Primary amenorrhea is the first, and it is when there is an absence of the menstrual cycle by the age of 15 or 16 in the females that already have their developed secondary sex characteristics. This is of dire importance, as teenage female athletes are still growing and maturing, so we should do our best to give it serious attention and prompt treatment medically. 

Secondary amenorrhea is when there is a loss of the menstrual cycle for 3 or 4 months that is not caused by a pregnancy. More than a 35 day interval between periods is also known as an irregularity. This is the first warning sign.

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I thought that exercise helps to prevent osteoporosis; can you elaborate on that point?

Osteoporosis is what we use to describe decreases in the mass of the bones. This causes the bone mineral density to lower, and the overall strength of the bones to be compromised. Being on a proper diet and exercising is known to treat osteoporosis, but there are connection to the amenorrhea and osteoporosis occurring. 

It should be noted that males are also at risk for developing osteoporosis due to improper nutrition, it is just less common to see. 

Measure that can be taken to prevent the female athlete triad

Adequate sports nutrition programming is the first thing to prevent this. There should be supervision by a physician and other health professionals like the nutritionists and the fitness trainers. Some people might even require some form of behavioral therapy, especially with any incidences of eating disorders. 

Dietary supplements have been discussed well throughout the book as ways that we can use to meet the gaps that exist in nutrition. A focus could be put on those vitamins and minerals that help to combat the symptoms of female athlete triad. These are seen as vitamin D, Calcium, and Folic Acid. 

Corrective treatments exist and may require reductions in the exercise and training volume that is received, a restoration of the lean body mass, and maybe increases in the body fat composition if it has dropped to one of the lower levels for the gender and age group the athlete is in.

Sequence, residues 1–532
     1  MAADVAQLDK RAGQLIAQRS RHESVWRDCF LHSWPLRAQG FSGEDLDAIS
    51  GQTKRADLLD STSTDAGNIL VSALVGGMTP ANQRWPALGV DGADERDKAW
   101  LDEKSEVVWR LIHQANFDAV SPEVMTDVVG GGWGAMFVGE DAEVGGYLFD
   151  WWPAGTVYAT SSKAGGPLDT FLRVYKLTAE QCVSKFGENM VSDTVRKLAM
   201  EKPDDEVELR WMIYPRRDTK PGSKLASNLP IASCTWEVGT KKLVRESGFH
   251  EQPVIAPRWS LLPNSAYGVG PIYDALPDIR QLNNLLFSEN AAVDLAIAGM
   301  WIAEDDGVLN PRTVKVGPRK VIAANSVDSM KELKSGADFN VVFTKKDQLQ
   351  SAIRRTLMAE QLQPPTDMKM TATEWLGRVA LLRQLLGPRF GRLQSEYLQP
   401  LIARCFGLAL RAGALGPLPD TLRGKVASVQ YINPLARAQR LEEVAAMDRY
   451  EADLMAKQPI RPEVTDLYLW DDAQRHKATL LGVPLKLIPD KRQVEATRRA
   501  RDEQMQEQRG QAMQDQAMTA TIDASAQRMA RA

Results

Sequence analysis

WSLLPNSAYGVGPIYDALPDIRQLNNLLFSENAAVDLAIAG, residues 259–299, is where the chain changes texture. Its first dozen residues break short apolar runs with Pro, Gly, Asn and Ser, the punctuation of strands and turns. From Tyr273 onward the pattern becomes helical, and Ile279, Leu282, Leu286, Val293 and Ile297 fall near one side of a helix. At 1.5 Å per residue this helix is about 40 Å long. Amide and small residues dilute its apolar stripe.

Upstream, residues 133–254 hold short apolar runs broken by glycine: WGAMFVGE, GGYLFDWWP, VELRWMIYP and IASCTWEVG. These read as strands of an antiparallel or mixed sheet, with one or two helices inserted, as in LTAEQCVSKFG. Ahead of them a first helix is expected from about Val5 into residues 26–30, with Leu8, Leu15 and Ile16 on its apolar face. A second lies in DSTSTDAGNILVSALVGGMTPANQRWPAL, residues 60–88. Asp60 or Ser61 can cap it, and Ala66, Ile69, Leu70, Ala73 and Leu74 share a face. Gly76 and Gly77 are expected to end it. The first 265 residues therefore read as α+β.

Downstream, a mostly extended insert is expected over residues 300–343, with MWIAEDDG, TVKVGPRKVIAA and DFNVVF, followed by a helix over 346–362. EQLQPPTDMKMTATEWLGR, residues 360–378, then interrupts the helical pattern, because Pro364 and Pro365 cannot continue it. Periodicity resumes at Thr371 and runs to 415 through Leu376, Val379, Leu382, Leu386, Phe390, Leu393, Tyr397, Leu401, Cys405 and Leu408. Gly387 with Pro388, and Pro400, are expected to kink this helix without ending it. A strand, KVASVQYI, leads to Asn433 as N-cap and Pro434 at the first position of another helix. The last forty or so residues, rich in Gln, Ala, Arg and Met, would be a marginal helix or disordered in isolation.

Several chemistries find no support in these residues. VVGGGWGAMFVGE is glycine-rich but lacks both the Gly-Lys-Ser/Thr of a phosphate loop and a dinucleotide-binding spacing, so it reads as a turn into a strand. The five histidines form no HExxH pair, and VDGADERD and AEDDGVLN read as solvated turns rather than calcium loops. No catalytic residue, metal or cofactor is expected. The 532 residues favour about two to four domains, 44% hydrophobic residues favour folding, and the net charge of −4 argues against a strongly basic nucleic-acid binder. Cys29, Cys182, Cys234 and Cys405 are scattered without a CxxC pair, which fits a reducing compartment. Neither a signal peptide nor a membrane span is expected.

A last useful habit to get into is the use of a training journal to log the athlete’s life.

Adequate Calcium and Vitamin D intake and the Reduction of Osteoporosis 

Proper nutrition and especially the proper intake of these two important nutrients can counter osteoporosis. 

Adequate Folic Acid Intake and Reduction of Neural Tube Birth Defects

Medically supervised folic acid supplementation or even higher dosages of these supplements is quite effective in reducing this risk. It is less than a 100 percent sure reduction in the risk, but still very significant.

ISSA SN Chapter 20: Special Concerns of Athletic Females 1
ISSA SN Chapter 20: Special Concerns of Athletic Females 2
ISSA SN Chapter 20: Special Concerns of Athletic Females 3

Tyler Read

Tyler Read, BSc, CPT. Tyler holds a B.S. in Kinesiology from Sonoma State University and is a certified personal trainer (CPT) with NASM (National Academy of sports medicine), and has over 15 years of experience working as a personal trainer. He is a published author of running start, and a frequent contributing author on Healthline and Eat this, not that.